How I learnt that most people don’t see it as a real job…….
As a business owner and director of tennis at Scarborough Tennis Academy, I have learnt that there is a dark side to this easy access to a part time tennis coaching job. In high school and their early twenties, the good players will be offered part time coaching and if they are just ok at it they will offered more hours and will often be the one picking and choosing what hours they want to do. They may even go to another program if they are paid a higher hourly rate. This is because the numbers in coaching programs fluctuate and if the numbers are high then most coaches will ask another assistant rather than cap the group. Many coaching businesses will either have 1 full timer (the head coach) or a very small team so when there are fluctuations, the demand for a part time coach becomes huge, particularly in the summer.
So they grow up getting offered coaching shifts through their teenage years and early twenties. As much or as little as they want in many cases. But the problem is when they consider the prospect of tennis coaching as a full time career. A full time career is something you work towards. A full time career is something you go to university for or trade school for. A full time career is what will then define what you do and therefore who you are. Law or Medicine gets you status, money and respect. An accountancy degree gets you certified, a nursing degree gets you registered and a teaching degree gets you qualified. However, what does tennis coaching career (with our without official TA qualifications) bring to mind?
- “Tennis is no more than a part time job.”
- “Not a real job that is only a casual job that varies in its hours.”
- “No security.”
- “No career progression.”
- “Not something you can do forever.”
- “Maybe I will do it for a year or 2”
- “Maybe I will just do it to save up for traveling”
So what is the tennis coaching industry doing wrong?
As a coaching industry we need to ensure that our staff are well trained and have clear pathway of career development. The premier education supplier in Australia is Tennis Australia (TA). TA offer good quality courses which are such an important part of legitimising of the industry. One of their better strategic moves was to align the courses with mainstream tertiary equivalent courses. I believe there is a missing pathway though for the non entrepreneurial career coach. The junior development course is really targeting those coaching part time through university or as a side job. Some Junior Development coaches will go on to try a full time coaching career but not many and not for long. The next course is the Club Professional Course which is targeting those coaches who want to run their own full time tennis business. So what this does is divides coaches into those who have an interest in running their own business (which most people actually don’t want) with those who can stay a Junior Development Coach and see no other pathway and career progression from there. What is missing is a ‘Teaching Pro’ course which has a pathway which leads to full time teaching jobs in the $45000 – $70000 per year category. However, I am sure TA are providing courses which match the demand of the industry so if this is the case then its up to the coaching business to create more full time teaching professional opportunities. What comes first, chicken or the egg?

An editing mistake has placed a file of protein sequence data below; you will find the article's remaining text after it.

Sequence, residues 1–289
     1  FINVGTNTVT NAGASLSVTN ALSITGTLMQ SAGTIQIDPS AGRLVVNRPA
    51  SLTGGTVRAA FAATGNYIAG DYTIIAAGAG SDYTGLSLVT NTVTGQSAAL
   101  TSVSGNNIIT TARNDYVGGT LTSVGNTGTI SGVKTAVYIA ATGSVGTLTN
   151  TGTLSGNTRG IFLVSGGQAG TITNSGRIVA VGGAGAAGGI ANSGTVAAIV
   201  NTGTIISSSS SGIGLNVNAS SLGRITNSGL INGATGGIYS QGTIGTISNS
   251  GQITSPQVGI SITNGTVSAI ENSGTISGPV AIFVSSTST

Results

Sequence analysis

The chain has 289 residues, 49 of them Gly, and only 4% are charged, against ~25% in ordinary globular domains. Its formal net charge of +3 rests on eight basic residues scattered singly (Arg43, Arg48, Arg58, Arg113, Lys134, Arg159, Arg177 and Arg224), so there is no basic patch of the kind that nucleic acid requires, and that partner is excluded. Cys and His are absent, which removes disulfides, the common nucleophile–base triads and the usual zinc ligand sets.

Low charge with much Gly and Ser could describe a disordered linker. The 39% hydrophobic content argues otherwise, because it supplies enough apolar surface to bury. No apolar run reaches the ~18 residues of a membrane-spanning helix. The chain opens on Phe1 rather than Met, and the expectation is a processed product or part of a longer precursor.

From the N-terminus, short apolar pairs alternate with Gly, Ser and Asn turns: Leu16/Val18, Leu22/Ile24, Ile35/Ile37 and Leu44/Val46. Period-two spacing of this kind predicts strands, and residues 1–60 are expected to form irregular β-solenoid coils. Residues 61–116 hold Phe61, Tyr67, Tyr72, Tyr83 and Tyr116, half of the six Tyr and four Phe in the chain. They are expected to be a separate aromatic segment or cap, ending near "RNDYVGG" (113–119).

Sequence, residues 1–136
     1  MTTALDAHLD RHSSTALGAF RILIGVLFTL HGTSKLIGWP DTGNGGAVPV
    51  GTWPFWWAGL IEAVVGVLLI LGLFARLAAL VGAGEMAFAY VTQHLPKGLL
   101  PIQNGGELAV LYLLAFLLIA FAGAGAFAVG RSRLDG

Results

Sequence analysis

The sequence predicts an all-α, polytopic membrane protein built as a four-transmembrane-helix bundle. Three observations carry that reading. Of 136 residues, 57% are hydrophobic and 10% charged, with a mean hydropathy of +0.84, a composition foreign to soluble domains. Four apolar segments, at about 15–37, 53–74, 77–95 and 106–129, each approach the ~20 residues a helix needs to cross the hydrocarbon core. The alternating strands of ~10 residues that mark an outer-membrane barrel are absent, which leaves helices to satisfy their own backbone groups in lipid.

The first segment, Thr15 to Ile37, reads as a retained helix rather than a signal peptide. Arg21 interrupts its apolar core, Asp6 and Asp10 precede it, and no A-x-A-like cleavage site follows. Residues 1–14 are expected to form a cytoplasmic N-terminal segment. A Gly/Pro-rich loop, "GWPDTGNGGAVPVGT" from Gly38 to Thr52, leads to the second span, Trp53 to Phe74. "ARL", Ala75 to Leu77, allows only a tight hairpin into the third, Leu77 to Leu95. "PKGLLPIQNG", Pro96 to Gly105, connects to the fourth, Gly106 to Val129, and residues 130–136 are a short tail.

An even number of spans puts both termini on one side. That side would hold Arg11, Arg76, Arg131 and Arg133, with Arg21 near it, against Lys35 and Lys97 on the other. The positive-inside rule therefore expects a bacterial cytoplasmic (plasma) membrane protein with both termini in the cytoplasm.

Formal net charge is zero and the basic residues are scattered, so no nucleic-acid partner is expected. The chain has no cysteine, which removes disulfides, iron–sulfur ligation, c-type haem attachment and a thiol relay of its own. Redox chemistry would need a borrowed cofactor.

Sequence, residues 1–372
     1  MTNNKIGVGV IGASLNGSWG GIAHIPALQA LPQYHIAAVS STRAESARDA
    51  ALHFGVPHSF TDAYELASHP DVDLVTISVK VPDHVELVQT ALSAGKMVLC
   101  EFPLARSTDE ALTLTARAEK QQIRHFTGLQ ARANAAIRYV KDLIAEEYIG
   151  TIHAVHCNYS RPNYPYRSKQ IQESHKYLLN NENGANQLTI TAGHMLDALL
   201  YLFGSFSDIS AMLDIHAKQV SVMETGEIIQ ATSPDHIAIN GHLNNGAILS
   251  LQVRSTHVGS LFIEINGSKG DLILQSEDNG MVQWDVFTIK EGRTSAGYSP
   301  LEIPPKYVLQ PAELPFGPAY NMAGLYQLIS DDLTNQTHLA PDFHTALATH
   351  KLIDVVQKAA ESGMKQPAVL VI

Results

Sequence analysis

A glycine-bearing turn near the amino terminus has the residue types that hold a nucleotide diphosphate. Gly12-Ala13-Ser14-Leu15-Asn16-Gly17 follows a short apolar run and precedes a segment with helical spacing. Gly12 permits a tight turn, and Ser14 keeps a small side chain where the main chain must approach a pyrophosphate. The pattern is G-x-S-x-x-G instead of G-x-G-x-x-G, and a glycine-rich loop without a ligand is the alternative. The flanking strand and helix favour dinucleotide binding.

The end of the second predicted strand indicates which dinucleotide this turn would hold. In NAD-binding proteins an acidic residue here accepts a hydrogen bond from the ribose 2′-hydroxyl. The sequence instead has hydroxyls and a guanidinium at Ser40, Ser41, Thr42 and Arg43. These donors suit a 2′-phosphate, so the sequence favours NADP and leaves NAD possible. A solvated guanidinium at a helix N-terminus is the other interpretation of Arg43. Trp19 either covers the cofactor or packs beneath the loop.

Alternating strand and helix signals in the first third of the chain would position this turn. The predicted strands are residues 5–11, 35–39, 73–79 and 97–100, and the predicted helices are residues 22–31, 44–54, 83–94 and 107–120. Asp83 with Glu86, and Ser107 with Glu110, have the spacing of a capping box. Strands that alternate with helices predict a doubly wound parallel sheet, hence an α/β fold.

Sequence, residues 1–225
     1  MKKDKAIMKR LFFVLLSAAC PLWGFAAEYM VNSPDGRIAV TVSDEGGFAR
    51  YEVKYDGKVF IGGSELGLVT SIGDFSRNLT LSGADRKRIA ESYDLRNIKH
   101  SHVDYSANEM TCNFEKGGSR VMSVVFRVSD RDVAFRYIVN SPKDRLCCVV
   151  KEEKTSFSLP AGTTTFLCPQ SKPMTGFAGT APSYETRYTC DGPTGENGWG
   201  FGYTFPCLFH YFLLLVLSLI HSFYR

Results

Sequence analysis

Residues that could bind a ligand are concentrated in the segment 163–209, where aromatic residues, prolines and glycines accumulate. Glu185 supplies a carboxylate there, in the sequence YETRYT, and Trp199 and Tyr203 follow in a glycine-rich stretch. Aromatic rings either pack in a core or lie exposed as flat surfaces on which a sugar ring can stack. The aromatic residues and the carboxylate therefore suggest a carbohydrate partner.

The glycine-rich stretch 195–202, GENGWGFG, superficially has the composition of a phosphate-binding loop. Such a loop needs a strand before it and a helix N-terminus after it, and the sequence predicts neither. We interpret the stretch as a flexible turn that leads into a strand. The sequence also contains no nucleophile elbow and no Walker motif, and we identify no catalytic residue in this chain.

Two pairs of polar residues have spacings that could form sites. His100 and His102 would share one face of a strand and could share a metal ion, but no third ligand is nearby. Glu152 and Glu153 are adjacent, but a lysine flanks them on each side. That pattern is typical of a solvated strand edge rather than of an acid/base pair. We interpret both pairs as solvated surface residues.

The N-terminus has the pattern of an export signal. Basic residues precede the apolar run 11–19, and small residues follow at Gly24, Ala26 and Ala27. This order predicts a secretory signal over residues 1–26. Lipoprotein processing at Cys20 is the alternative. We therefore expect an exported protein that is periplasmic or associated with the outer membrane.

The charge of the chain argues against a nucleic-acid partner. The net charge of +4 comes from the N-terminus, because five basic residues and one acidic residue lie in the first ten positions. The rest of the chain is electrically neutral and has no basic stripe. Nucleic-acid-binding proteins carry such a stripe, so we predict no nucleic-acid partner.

The ‘Teaching Pro’ then has opportunities to work in the best programs long term and help contribute to the culture and program. To see a 6 year old player leave for college tennis in 12 years or to see a 8 year beginner improve to the point where they play regularly in social competitions or to see the enormous improvements in their own coaching effectiveness over the years. They don’t all need to be business owners but the industry does need to work on public awareness that tennis coaching can be a real job.
Is the full time tennis coaching job a victim of the readily available part time coaching? Does the leniency in employing unqualified or inexperienced part time coaches affect the perception of tennis coaching as a full time career? Or is it that the qualification pathways are not right or the public perception of tennis coaching as a career screams part time job? I would think its a combination of all these factors.
On a personal note, I love not having a ‘real’ job! and don’t plan on getting any urgent haircuts anytime soon…….